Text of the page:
• Positioned between the linear LED assembly 320 and the area of illumination is a lens 310 and a lens frame 305. In one exemplary embodiment, the lens 310 is made of plastic and has a diffuse surface to obstruct an outside view of the point source for each LED on the assembly 320. The lens 310 is held in position and surrounded along its perimeter by the lens frame 305, which is generally disposed along the bottom surface of the ceiling tile 110 or other mounting surface.
  • Each end of the housing 350 optionally includes an endcap or attachment structure. The exemplary embodiment of Figure 3A includes an end cap 355 coupled to one end of the housing 350 and another end cap 355 coupled to the opposing end of the housing 350. In embodiments where the module 105A is coupled in-line with another module 105A, one of the end caps 355 would not be included and the two modules will be coupled together as discussed hereinafter. In certain exemplary embodiments, the housing 350 also includes one or more spring clips 360. For example, two spring clips 360 in Figure 3A are positioned along each longitudinal side of the housing 350. The spring clips 360 hold the housing 350 within the ceiling grid when the linear LED assembly 320, is not coupled thereto with the torsion springs 330. The spring clips 360 also provide support against the top side 375 of the ceiling tile 110 and, when installed, sandwiches the ceiling tile 110 between the spring clips 360 and the lens frame 305.
  • Figure 4 is a perspective view of another alternative LED linear lighting module 105B of Figure 1. The elements of the LED linear lighting module 105B are substantially similar to those of module 105 and 105A of Figures 2-3B. Differences will be discussed herein, with the remainder of the disclosure of modules 105 and 105A being incorporated herein. Referring to Figure 4, the LED linear lighting module 105B includes a linear LED assembly 420. Each linear LED assembly 420 includes multiple LEDs and is configured to create artificial light with those LEDs. Exemplary embodiments for the linear LED assembly 420 are described in more detail in Figures 8A-C. Each LED assembly 420 includes at least one substrate to which the LEDs are coupled, similar to that described with reference to Figure 2. Each LED assembly 420 includes one or more rows of LEDs. Each row of LEDs extends along a longitudinal axis of the linear LED assembly 420.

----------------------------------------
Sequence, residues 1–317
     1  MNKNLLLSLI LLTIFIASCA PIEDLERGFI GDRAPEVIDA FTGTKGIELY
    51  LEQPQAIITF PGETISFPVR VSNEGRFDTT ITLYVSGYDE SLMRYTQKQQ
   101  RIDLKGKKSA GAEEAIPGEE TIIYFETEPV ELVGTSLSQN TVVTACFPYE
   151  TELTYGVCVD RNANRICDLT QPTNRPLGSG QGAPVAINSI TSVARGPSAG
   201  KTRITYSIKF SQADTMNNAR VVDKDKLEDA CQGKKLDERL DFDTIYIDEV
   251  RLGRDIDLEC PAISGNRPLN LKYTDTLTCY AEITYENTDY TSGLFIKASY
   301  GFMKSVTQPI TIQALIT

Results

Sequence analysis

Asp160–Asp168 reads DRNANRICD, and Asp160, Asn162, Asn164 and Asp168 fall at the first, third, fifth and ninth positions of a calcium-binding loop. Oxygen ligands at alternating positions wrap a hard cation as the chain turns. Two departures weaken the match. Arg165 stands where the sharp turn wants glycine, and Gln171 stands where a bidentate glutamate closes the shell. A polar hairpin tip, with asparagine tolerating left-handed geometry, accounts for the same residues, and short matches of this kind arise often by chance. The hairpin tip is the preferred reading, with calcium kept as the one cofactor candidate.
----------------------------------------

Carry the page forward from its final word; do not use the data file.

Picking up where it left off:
• The exemplary linear LED assembly 420 also includes one or more mounting brackets 422. In one exemplary embodiment, each mounting bracket 422 is coupled to a back side of the LED assembly 420 using screws or other known attachment devices. The mounting brackets 422 are typically coupled near, but not necessarily at opposing ends of the assembly 420. The exemplary mounting bracket 422 includes a top generally horizontal base. Vertical members are coupled to or integral with and extend generally downward from each opposing end of the base in a substantially orthogonal manner. On the opposing end of each vertical member is another generally horizontal member. The horizontal member is coupled to or integral with the vertical member and extends generally horizontally outward from a centerline of the bracket 422 in a substantially orthogonal manner. Each horizontal member includes an aperture for receiving a screw or other coupling device therethrough. In certain exemplary embodiments a screw couples the lens frame (not shown) to the bracket 422 (similar to that shown and described in Figure 3A.
  • Each bracket 422 also includes a torsion spring mounting bracket extending vertically up from the top horizontal base. The torsion spring mounting bracket is configured to receive, hold, and/or be coupled to a torsion spring (not shown). In certain exemplary embodiments, each bracket 422 also includes one or more spring clips 460. The spring clips 460 also provide support against the top side 375 of the ceiling tile 110 and, when installed, sandwiches the ceiling tile 110 between the spring clips 460 and the lens frame (not shown). During installation, an installer provides an opposing inward force against the opposing spring clips 460 to reduce the dimension between the opposing ends of the two opposite spring clips 460 to a distance less than the width of the opening in the ceiling tile 110, thereby allowing the assembly 420 to be mounted into the ceiling. When the opposing force is reduced or eliminated, the dimension between the opposing ends of the two opposite spring clips 460 increases to an amount greater than the width of the opening in the ceiling tile 110. For example, two spring clips 460 are positioned along each opposing end of the top base. The spring clips 460 hold the assembly 420, lens and lens bracket in the ceiling tile 110.